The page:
Track a USB drive?

So recently I had a USB drive stolen from me that had important psd files for my school (like logos and shit). I'll most likely never get it back but was hoping I might be able do something to keep my next USB drive safe. Is there any type of software I can put on the drive that when plugged into windows/ Mac computers will contact my home computer giving me the IP address ? I know from a IP address I can get a general location and in the right cases (like knowing your schools network admin) even find the computer that was used.

Yes and no from my limited knowledge. What it sound like is you you want your own malware or virus, nothing malicious but that basically what that would be. Silently running whenever the USB is plugged in and reporting some information.

Not sure if enterprise has any tools like this, someone else might.

Ok, thank you:)

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you can set up a script to execute on mount. This is a nifty little project and very doable. Does the OP @ndog4664 have programming experience?


What you might want is a phantom keyboard software that will ping your own DNS service (if you have dynamic IP or in general to protect your own IP) and sends a "whois" type of information to you. Why not use encryption for your private data next time?

You would have to use a custom microcontroller that presented itself as as USB keyboard, sent a HTTP GET to your logging server, and then switched back to a USB storage device.

The question is, if you will actually get your USB drive back, when you have the thief's IP address (given that it actually is an IP address that's qualified to identify him). Assuming you contact the police and they manage to return the USB drive to you (questionable for the value), would you still want to use it? I mean you can't be certain what the thief did with it.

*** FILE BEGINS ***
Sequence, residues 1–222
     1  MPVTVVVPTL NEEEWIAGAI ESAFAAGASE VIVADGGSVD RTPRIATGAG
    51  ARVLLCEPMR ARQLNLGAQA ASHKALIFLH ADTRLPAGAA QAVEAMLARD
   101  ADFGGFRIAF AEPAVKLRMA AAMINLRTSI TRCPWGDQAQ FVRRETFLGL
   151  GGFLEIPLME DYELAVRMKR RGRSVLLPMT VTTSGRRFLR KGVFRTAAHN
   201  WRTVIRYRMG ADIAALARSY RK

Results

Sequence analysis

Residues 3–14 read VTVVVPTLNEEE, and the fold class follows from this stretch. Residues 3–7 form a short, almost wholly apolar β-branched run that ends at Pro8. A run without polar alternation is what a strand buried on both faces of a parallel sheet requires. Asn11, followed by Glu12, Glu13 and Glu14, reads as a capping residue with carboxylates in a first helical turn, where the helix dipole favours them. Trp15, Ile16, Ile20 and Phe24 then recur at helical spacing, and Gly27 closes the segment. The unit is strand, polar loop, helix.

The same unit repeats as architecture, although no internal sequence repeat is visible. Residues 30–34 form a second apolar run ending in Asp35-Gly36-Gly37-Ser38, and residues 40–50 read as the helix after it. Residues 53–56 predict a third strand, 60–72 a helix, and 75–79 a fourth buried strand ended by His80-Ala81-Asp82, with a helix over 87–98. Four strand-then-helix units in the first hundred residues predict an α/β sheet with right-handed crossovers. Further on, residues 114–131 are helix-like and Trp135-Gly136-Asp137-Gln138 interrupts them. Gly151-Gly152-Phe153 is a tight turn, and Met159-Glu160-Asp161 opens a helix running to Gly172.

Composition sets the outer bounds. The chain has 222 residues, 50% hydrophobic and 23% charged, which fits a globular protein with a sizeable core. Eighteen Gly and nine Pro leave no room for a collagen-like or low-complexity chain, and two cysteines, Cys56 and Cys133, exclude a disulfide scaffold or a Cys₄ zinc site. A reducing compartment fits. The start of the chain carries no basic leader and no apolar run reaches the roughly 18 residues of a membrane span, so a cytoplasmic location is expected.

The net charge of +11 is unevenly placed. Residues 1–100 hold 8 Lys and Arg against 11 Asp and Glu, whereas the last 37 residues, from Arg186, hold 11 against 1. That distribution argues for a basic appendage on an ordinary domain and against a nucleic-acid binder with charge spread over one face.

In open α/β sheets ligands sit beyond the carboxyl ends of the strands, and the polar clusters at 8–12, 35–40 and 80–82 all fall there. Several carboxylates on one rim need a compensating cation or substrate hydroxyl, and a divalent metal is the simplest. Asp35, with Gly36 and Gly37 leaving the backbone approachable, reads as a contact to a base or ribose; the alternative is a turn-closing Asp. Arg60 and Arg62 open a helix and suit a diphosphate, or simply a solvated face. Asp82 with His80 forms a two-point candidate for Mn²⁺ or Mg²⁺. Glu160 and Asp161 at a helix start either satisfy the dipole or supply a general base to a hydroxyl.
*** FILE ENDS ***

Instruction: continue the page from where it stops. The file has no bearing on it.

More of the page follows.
The better option, as @MetalizeYourBrain mentioned, would be to encrypt the data and keep some backups of the encrypted data. If you use a Mac, you can encrypt the drive with a few clicks through Disk Utility, but keep in mind this way the drive will only work on Macs. If you are running Windows or Linux (or macOS), there is VeryCrypt, which is a fork of the discontinued TrueCrypt 7.1a, that you can use to encrypt the whole drive with a password.

Hope this helps :)

or go to the other extreme. put ransomware on it. then the thief will have to contact you.


Or you know see it happened and then just casually walk away from the college library PC... Maybe not a great idea.

I'd be really wary of stuff like this. some laws can classify that as malware.

It might be totally moral but that's not always what's legal.

I don't think you want to count on the cops being understanding about this sort of thing.

I'm with Metalize and Comfreak, encrypt your stuff, keep a backup.

An application to secure your device? It's no different than the service provided by, Prey, iAlert or any of the 'Lo-Jack' style device recover/discovery tools out there...

With all do respect, you are mistaken in the interpretation of my application.


I agree with you that your app is no different form those "official"/"mainstream"/etc. out there. And it's cool that you know how to make such a tool.